Budget 2013-14: A comment of Nadeem M Qureshi, Chairman Mustaqbil Pakistan

Eurasia News

It is widely believed that Pakistan’s armed forces take away the lion’s share of the country’s budget. But the budget for the fiscal year starting in July 2013 puts paid to this myth. The biggest line item in this budget is interest which the country will pay on its domestic debt. The budget, announced last week by the new finance minister, envisions total current spending of Rs 3196 billion. Of this a whopping Rs 1064 billion – about 33% – is for servicing domestic debt.

To put the interest payment number in perspective look at some of the other line items: On defence Pakistan will spend in the coming year Rs 627 billion – 20% of the budget. Repayment of foreign loans will take away Rs. 367 billion – about 12%. Running the civilian government will cost Rs. 275 billion – or 9%. The amount allocated to education is Rs. 59 billion – a mere 1.8%. And health and related services get Rs 9 billion – a paltry 0.3%. In a country of 180 million people that works out to a shocking Rs 50 per person – barely enough to buy a packet of aspirin. Contrast this with Rs 6000, which is each person’s share of the interest that will be paid to domestic banks, and the scale of the iniquity wrought on Pakistan’s people becomes clear.

That domestic interest payments are so large is due in large part to the untrammelled profligacy of the previous PPP government. Domestic debt rose over the 5 year period of PPP rule from Rs. 3860 billion to Rs 8800 billion – an increase of 127%. Over the same period external debt rose from Rs 4155 billion to Rs. 5758 billion – some 38%. So total indebtedness rose from Rs 8000 billion to Rs 14560 billion – about 82%. Notice that domestic debt is about 60% of the total while the balance 40% is foreign debt. Yet interest payments on the foreign debt are Rs 89 billion compared to Rs. 1069 billion on the domestic debt. This suggests an implied annual interest rate on foreign debt of 1.5% and on domestic debt of 12%. Clearly Pakistan’s domestic banks and their owners are making a fortune lending to the government.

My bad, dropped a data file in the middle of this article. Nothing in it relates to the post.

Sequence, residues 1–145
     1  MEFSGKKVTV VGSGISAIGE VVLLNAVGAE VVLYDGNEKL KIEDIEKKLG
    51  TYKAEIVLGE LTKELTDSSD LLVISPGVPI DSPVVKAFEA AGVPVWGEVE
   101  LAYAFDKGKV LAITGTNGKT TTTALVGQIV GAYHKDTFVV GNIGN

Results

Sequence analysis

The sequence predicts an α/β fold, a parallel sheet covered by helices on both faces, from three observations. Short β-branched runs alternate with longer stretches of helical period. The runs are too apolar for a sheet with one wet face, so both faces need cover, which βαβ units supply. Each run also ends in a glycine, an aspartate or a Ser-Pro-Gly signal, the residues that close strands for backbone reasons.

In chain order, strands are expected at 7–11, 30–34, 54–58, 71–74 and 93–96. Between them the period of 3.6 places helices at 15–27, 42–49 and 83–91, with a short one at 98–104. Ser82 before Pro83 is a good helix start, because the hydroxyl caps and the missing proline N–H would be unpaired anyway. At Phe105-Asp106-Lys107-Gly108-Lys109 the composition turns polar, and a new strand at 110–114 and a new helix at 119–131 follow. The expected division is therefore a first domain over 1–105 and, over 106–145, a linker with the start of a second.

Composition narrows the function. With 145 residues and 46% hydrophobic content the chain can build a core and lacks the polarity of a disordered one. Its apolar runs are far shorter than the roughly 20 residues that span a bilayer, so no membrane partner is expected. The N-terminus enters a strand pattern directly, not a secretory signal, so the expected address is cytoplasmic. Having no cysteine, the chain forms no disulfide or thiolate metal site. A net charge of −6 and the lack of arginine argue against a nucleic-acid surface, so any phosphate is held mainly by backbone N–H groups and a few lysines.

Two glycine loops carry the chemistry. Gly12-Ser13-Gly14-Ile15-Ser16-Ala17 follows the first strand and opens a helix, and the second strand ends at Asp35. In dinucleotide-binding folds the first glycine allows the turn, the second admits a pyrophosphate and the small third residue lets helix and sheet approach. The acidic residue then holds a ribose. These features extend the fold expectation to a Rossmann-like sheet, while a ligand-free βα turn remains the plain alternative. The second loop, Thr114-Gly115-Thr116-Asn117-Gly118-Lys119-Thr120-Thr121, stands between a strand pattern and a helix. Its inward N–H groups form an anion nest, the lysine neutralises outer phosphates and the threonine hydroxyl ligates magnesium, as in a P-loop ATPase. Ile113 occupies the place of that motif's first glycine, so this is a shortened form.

These are disturbing numbers. When a third of the annual government budget goes to the country’s banks something is seriously wrong. And the new budget does nothing to set things right. In fact it continues on the ultimately unsustainable path of more and more borrowing: The government will collect Rs. 2434 billion in revenue from internal sources – taxes and the likes. But it is planning to spend a total of Rs 3985 billion (this includes current spending of Rs 3196 billion and Rs.789 billion in development spending). The difference between revenue and total spending means that, incredibly, the government is planning on taking on Rs. 1551 billion in new loans.

The country must start to live within its means. Revenue has to be raised and a chainsaw put to expenses. On the revenue, side tax collection has to be improved. This is already a much discussed issue. Pakistan has a tax to GDP ratio of 9%. India by contrast is 18%. Pakistan’s tax collection apparatus needs to be scrapped and built again from the ground up. Feudal landlords each of whom possess tens of thousands of acres of land, despite being ridiculously rich, pay no tax. This must change.

Financial collapse is a clear and imminent threat to Pakistan’s security. And this means that nothing should be exempted from the expense cutting chainsaw. The country’s leaders live in absurd extravagance. Some Rs. 300 million a year are spent on running the President’s house alone. Add in private jets for the PM and provincial chief ministers and a picture of waste and unconscionable apathy in a desperately poor country begins to emerge. Defence – the second largest expense after interest payments – needs to be looked at. India spends 12% of its budget on defence. Pakistan twenty percent. Fundamental questions need to be asked. We have three quarters of a million men in uniform – one of the largest armies in the world. Should not the possession of a nuclear deterrence allow for a substantial reduction in conventional capability?

Ostriches may not actually bury their heads in the sand when confronted with an unpleasant reality. But the new PML-N government in preparing the budget has done something of the sort.
Nadeem M Qureshi is Chairman of the political party Mustaqbil Pakistan. He tweets at @nmq

Nadeem M Qureshi
Mustaqbil Pakistan